The moral war concept is not exclusively Muslim. It's present in Catholic theology, and probably in other faiths as well.

Maybe this means that Obama is a closet Catholic, and taking all his marching orders for creating the New World Order from the Pope....
     
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Dec 14, 2009, 05:38 AM
 
Originally Posted by Dork. View Post
It's good to see the concept of a "moral war" or a "just war" become popular again, because we kind of forgot all about it for a large part of the decade.
It's the same car, same trip, only there's now a new driver. He's shoveling the same **** as Bush II, only now the Lefties think it's apple pie.
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Dec 14, 2009, 05:39 AM
 
Originally Posted by OldManMac View Post
If one defines morality as interfering in others' business, then it could be called a moral war.
Awww, you saying you aren't proud of your guy?
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Dec 14, 2009, 07:04 AM
 
Originally Posted by Shaddim View Post
Awww, you saying you aren't proud of your guy?
He's not "my guy." I voted for him, and probably much to your surprise, I don't like everything he's doing. Feel better?
     
Arty50
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Dec 16, 2009, 08:25 PM
 
Originally Posted by OldManMac View Post
If one defines morality as interfering in others' business, then it could be called a moral war.
Other's business? A group supported by the former ruling regime attacked our country and declared it's desire to continue to do so. We had every right in the world to go there.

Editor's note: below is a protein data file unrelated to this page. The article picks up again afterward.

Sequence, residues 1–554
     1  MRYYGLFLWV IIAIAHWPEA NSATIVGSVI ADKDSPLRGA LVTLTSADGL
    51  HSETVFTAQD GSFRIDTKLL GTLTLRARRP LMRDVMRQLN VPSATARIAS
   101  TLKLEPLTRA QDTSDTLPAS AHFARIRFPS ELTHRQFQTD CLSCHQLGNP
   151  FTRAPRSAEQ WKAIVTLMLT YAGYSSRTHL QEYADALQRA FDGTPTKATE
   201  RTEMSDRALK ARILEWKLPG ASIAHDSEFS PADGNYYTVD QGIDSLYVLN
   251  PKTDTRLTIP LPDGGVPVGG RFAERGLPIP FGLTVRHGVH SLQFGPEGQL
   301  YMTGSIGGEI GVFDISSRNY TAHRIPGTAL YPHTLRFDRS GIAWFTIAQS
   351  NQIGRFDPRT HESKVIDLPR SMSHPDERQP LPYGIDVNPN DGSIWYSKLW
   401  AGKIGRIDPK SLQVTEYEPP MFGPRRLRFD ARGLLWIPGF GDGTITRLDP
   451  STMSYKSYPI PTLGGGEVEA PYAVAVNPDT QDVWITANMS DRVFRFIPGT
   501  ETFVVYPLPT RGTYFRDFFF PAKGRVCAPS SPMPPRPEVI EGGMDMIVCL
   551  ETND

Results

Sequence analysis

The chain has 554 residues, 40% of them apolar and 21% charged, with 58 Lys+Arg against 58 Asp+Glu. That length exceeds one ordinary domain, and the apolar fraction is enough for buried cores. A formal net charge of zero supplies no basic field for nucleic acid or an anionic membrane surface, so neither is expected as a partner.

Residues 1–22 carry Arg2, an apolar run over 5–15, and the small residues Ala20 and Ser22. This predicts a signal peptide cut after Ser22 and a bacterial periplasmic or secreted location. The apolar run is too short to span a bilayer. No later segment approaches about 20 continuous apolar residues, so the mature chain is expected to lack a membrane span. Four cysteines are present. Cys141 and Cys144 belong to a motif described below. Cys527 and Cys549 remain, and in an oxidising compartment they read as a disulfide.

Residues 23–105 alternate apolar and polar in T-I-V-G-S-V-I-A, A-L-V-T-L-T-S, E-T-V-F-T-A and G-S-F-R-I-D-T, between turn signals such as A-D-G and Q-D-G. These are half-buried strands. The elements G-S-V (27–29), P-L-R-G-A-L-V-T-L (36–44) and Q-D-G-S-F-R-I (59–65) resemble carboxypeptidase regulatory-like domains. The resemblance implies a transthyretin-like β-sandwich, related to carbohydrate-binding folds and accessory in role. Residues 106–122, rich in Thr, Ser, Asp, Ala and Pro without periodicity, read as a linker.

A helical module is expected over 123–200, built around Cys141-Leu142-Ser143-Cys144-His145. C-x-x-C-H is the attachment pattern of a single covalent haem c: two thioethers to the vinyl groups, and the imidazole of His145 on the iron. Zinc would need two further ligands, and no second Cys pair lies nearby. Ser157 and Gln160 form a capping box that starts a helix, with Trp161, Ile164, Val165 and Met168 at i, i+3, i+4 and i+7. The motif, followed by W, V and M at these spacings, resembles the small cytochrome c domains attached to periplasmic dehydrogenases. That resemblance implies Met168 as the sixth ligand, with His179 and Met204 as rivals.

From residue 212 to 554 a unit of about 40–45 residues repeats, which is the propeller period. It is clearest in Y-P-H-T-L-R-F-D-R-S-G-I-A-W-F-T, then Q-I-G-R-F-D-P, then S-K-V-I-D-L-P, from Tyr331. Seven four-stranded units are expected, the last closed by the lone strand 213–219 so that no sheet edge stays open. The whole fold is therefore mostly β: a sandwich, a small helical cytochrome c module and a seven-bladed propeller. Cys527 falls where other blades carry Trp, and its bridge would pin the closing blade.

Iraq was a totally different matter, but everyone seems to be confusing the two nowadays. I guess "all ragheads look alike" whether you're a neocon or treehugger.

What's even worse is how we botched this. We had a chance to crush Al Queda and the Taliban, but stupidly diverted our forces to Iraq at the critical juncture. Now we've only served to further destabilize the region and have risked the fall of Pakistan, which need I remind you has nuclear arms. Now, this war isn't just about defeating an enemy who attacked the US; it's about preventing the destabilization of Pakistan so that those nukes don't fall into god knows whose hands.

I don't think people truly understand the implications of losing this one. Turning tail and running from Iraq had relatively benign consequences, but giving up on this one could have dire consequences for the entire world in that it creates the high likihood of nukes falling into some very, very bad hands. Proof in point is the fact that there is a truly international coalition of forces in Afghanistan. They all realize what's at stake here.
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Monique
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Dec 18, 2009, 02:53 PM
 
Let me see, while he received the Nobel prize of peace because of the color of his skin and it is of PEACE right he justified the U.S. being at war against Afghanistan.

Those who supported him because he is black will wake up and realized that he has done next to nothing, that the U.S. after 4 years of his presidency will be still in Iraq and Afghanistan, that Guantamo bay prison will still be closed, that economically you will far worst; that this new health care bureacracy does not work.